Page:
April 3, 2014

JOSH CUTLER: Solar Energy Benefits Ripple Home in Massachussetts

Creating a major new law can be compared to tossing a stone in the water. There is an immediate splash, but often the subtle ripples have a more lasting effect. Such is the case here in Massachusetts in our march toward renewable energy. Nearly six years ago, Gov. Deval Patrick advocated and signed into law a landmark clean energy bill, known as the Green Communities Act. The purpose of the law was to boost production in renewable energy, lessen dependence on fossil fuels and promote energy efficiency.

The Act created the Green Communities program to encourage cities and towns to purchase fuel-efficient vehicles, set new benchmarks for reducing municipal energy consumption and streamline permitting for renewable energy development.

Notably, the law also expanded the concept of “net-metering,” a way of boosting renewable energy production by allowing our electricity grid to essentially become a two-way street. When energy generation at an individual location outpaces consumption, the excess energy flows backward into the grid. The generator of the electricity, whether a homeowner, school, town or business, gets energy credits that can be used to offset their electricity costs.

Combined with a related solar credit program that creates market-based incentives to invest in solar, these innovations have spurred a renewable energy revolution. Massachusetts has rocketed up to the top five in the nation in solar installations, which in turn has created 8,400 new solar industry linked jobs.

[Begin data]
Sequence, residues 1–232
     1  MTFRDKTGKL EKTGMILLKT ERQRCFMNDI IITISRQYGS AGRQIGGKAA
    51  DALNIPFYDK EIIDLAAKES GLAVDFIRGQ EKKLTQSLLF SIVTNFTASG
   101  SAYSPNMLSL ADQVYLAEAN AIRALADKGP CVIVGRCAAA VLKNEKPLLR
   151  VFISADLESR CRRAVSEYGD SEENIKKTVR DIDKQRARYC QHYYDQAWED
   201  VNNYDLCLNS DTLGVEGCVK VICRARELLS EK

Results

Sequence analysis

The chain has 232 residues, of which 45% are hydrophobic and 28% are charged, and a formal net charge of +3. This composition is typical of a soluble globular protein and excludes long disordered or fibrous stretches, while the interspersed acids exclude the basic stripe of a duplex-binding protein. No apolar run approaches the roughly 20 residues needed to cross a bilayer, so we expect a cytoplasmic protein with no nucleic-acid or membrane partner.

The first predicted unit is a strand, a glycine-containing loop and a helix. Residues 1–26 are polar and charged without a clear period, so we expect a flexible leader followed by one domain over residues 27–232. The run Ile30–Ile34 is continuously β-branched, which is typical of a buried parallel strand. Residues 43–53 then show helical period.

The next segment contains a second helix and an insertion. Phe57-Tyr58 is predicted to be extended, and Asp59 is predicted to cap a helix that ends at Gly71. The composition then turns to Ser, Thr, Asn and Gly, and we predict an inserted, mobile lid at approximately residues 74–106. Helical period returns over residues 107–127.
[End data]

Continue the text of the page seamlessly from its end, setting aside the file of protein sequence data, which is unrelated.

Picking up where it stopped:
Overall, the clean-energy sector continues to grow rapidly and, in fact, here in southeastern Massachusetts, we’ve seen the highest growth rate in the state. There are now more than 17,000 clean energy jobs just in our region, an increase of 14 percent in one year, according to the 2013 Clean Energy Industry Report.

Without the state’s commitment to green energy, my hometown of Duxbury would not have been able to break ground this past month on a new kind of power plant – one that has no emissions, no smoke stacks, no moving parts and no spent fuel rods or radioactive waste. There’s no smell, and you can’t even hear it. This is the power plant of the future, relying on our most abundant energy source – the sun.

Duxbury is joining an increasing number of cities and towns across the commonwealth, West Bridgewater and Marshfield, in turning toward renewable energy as a viable and cost-effective alternative. By this summer the town’s capped landfill will be transformed from a vacant and nearly unusable plot of land into an energy-producing solar farm, generating about 600,000 kilowatt-hours of clean energy a year.

This is another small step on the road to energy independence and it would not have been possible without the Green Communities Act and our state’s commitment to renewable energy.  before our eyes as the impact of these policies continues to ripple. Consider the numbers: In 1990, solar panels cost about $10 a watt. In 2008, the year the Green Communities Act went into effect, they cost $4. Today, they are about 85 cents a watt.

In the not-too-distant future we will reach what is called grid parity, when the cost of solar electricity equals the cost of fossil fuel production, regardless of any subsidy. That will cause a further explosion in growth and with it even more new green jobs and private investment.

Six years ago, that day may have seemed like a far-away dream, but today we are knocking on the door and Massachusetts is helping to lead the way.

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